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Thread: Intelligent design and the monkfish

  1. #1 Intelligent design and the monkfish 
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    ok don't freak out, I'm not about to advocate intelligent design, however:

    a girl I know was telling me today how she'd heard about intelligent design as a legitimate science (I immediately protested), but she was really making the argument of academics who cannot give an account for certain characteristics on certain species.

    The only example she could give me was of the angler fish (a lophiiforme with the monkfish) which has an antennae which it uses to lure other fish and then eats. How could such an antennae evolve cumulatively? "It couldnt, it must have been designed."

    I didnt have an answer, hence why I'm here, can anyone give me an evolutionary account of how this happened and such an antenna evolved?

    If you really cant, I will settle for an adequate possibility of how it happened!



    PS, I am fully aware that this sounds like any other intelligent design argument, I'm not supporting intelligent design in any way and don't want this thread to digress onto a debate on it!


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  3. #2  
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    I'll start by admitting I know little about marine biology or the species in question, but that the evolution of this trait is fairly easy to explain. Fluorescent proteins are common enough in nature and can been seen in many very diverse species. In a dark, deep sea environment, there would be a selective advantage in favour of a predatory fish that could mimic small prey by having high visibility fluorescent spots. There would also be a selective advantage in favour have having reletively few of these (preferably just one), so that the result is not simply a great big shiny outline of the proto-angler fish. Most fish species have fairly pronounced vertebral spines of some nature, usually as part of their dorsal fin. Since most fish have some muscle control over those spines, there would be an advantage to that fluorescent spot migrating to some part of one of the spines. That sort of locational change can happen in one step without needing transition from it's original location. There will now, in some cases, be a selective pressure upon that spine to become extended so that the fish can manipulate it more. And there we have our angler fish.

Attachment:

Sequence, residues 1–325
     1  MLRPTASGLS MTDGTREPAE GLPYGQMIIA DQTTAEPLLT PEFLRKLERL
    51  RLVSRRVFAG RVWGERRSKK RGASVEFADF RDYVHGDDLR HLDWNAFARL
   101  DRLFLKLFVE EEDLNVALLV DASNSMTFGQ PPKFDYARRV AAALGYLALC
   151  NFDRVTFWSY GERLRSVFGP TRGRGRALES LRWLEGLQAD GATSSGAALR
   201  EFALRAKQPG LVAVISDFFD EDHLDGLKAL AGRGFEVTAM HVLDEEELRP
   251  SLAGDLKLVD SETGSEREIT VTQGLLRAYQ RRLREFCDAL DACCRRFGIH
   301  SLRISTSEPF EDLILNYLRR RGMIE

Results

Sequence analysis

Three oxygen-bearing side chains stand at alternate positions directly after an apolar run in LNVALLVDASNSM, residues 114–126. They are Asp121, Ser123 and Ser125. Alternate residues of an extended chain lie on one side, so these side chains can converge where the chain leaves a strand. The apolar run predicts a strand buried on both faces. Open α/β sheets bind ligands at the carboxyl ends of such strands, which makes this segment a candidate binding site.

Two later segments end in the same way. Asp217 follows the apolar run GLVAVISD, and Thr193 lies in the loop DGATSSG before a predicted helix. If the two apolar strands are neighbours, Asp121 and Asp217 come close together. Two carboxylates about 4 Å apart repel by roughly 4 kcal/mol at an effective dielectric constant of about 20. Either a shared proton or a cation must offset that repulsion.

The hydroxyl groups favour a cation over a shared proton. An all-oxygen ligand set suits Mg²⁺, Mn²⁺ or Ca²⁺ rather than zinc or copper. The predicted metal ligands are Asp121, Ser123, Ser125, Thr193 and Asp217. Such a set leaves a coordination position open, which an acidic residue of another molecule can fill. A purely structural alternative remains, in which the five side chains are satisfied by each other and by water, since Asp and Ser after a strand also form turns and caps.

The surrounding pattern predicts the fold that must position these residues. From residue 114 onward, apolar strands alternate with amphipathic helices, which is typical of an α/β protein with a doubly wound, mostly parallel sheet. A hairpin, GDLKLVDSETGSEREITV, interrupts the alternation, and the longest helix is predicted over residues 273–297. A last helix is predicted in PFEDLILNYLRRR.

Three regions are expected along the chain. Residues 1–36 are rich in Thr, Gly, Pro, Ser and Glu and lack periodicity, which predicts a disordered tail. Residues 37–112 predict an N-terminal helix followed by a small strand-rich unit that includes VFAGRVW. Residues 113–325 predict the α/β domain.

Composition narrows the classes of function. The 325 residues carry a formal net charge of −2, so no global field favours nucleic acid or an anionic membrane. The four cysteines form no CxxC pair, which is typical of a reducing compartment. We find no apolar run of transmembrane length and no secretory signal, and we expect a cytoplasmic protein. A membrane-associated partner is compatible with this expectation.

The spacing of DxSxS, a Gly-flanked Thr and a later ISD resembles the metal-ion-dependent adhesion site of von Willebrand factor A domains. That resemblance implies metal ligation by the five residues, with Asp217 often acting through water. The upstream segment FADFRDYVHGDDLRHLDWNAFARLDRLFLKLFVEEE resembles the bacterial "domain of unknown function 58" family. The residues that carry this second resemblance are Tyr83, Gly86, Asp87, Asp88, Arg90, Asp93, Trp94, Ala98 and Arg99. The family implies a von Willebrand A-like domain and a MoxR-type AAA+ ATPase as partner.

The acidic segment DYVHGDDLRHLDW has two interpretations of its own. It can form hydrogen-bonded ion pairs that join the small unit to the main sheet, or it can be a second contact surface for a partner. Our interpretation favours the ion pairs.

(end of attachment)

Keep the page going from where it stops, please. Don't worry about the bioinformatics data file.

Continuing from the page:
The actual evolution of the fish may have gone nothing like that at all, there are probably many routes through evolution to that goal. But the above is a plausible means to go from general monkfish to angler fish and thus invalidates the "intelligent design" argument for that particular species. Essentially, we don't need to invoke a miracle.


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    Forum Cosmic Wizard paralith's Avatar
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    Hi Robbie, this is a common ID tactic, to say that a certain trait couldn't have evolved bit by bit, because it is ONLY functional in it's existing form. This is simply a falsehood. A common analogy is a car motor - it can only function as a car motor exactly the way it exists - if anything was different, it wouldn't work. True, it wouldn't work as a car motor. But that doesn't mean it wouldn't have ANY function. You could use a piece of it as a paperweight, for instance.